Moneywise MoM: Santa can be frugal, too!

Happy Holiday season! With this past weekend of shopping, you’re probably well into the spirit by now. Last month, I shared some tips to plan ahead for the holidays, such as setting a budget for gifts. This month, I’ll share a little secret for how I save BIG on toys and other gifts for the kids:

It’s okay to buy used for the holidays.

It is! If you have certain toys, bikes or products in mind, take these next steps:

  1. Open your mouth and ask: A few years ago, I mentioned to some friends that I was thinking about buying my twin girls a dollhouse for the holidays, and one piped up with, “We’re about to sell ours on Craigslist.” I ended up with a Dora Dollhouse in excellent condition with every stinking piece of furniture ever sold for just $75. I never would have spent $250-300 for all those pieces, so this was a great deal!
  2. Check with your multiples club: Our group has an online classifieds section where we can sell to each other, maybe yours does too. Look for Little Tikes slides, bikes, and other large items that are in great shape. It’s also great to get the point-of-view of other moms of multiples whose children are older than yours. Ask around for toy suggestions and find out what toys last, which were forgotten, and which are strong enough to hold up to twins (or more).
  3. Look on Craigslist: Families in your local community are selling toys and more on Craigslist right now to make room for the new; this can benefit you! Craigslist is a great place to find train tables, bins of Duplo blocks, and gently used Thomas the Train toys.
  4. Look on Ebay: For a larger pool to choose from, head to Ebay. I have had great luck finding used video games, Leapster games, and board games on Ebay. I buy used video games for my husband, too.
  5. Dress them up! Now that you have your gifts, fancy them up a little to take away the “used” look. If you bought a few used DS games for your child, put them in a character-themed case (bought new). It won’t matter that you don’t have the instruction manuals or boxes. With the Dora Dollhouse, we set up the rooms and characters and got a huge “Wowww!” when the girls came downstairs. Many of the toys that Santa leaves are unwrapped and assembled before being put under the tree, so this is right in line.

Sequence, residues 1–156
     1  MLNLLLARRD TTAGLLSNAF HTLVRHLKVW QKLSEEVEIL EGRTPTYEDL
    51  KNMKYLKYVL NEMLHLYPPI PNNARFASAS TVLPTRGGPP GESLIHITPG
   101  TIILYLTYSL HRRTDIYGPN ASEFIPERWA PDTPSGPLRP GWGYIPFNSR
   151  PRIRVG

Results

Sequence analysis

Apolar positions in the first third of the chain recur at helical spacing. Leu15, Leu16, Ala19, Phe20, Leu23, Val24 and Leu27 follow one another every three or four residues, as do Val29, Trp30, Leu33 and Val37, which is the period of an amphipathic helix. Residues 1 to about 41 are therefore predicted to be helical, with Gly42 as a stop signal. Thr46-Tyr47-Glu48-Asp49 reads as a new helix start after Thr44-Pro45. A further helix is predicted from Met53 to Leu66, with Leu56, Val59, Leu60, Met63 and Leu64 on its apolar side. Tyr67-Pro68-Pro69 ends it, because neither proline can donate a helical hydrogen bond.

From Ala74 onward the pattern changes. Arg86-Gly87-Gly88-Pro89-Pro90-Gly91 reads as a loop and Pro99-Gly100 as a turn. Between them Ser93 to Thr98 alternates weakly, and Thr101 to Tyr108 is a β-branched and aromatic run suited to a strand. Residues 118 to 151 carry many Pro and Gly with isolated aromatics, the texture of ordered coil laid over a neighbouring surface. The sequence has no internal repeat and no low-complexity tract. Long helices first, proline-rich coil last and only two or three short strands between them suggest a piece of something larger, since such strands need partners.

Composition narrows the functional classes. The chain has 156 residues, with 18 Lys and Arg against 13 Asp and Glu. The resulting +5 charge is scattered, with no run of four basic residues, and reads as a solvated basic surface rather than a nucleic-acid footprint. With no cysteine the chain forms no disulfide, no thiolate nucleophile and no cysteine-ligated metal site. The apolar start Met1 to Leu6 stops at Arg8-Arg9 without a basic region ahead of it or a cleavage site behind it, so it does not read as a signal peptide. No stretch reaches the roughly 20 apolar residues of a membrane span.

Buying toys and other kid gear used works for me! Have you tried it?

I hope you’ll stop by for gift deals and other helps for the holidays. Have a great month!

Moneywise MoM: Plan Ahead for the Holidays

*Gina is stuck in the mess from Hurricane Sandy, so we are rerunning her post from last November*

It’s time! Get into the spirit and start thinking about the holidays, everything from cooking to entertaining to gift shopping to cards. Yikes!

Take a little time to plan ahead for the holidays, and you’ll save yourself immeasurable stress and certainly a lot of money. Make a date for yourself and head to a quiet spot with a pen and list-making paper. Let’s get started:

1) Figure out where you’re having your holidays. Are you traveling? Hosting? Either option takes planning when there are multiples involved. Minimize your stress now by delegating tasks to your spouse and other family members. We’re hosting, so I’m already thinking about how to split up meal prep and other tasks between the three families. How will you enjoy your guests instead of

2) Make a list for gifts, and think about a budget (either per person or overall). You can remember teachers and neighbors with a nice card and baked treat. Keep an eye out for price drops on toys for kids (use Amazon Mom for FREE Prime Shipping on those quick drops). Remember to include wrapping and shipping in your budget total.

3) Get started early with your holiday cards, if you plan to do them at all. Try to get a photo of the kids now, so that if it doesn’t work out, there’s plenty of time to try again. See my earlier post on Holiday Cards for ideas (even the idea of skipping it!).

4) Consider earning extra income between now and the holidays to ease your budget. Over at MoneywiseMoms, I’m sharing small ways I earn extra income, including one of my favorites: Swagbucks. I’m even winning blog giveaways and using the prizes as gifts. I’m also selling our clutter on Craigslist and Ebay, which bring money in to spend at the holidays while decluttering my house–so I’ll have more room when company comes!

Take the time now to plan ahead, and you’ll end up with a much smoother holiday season. For more tips on holiday prep and lots of great gift deals, head to

How do you plan ahead for the holidays?


Moneywise MoM: How to Save on Lego

With the holiday season rapidly approaching, are you already thinking about toy shopping? I like to start watching prices early so that I know I’m getting the best deal. When you know what “regular” price is for your big-ticket purchases, you’ll know when a sale price is worth it.

One of the most popular gifts at my house each year is Lego–yours, too? Here are some strategies for how to save on Lego:


Know the Basics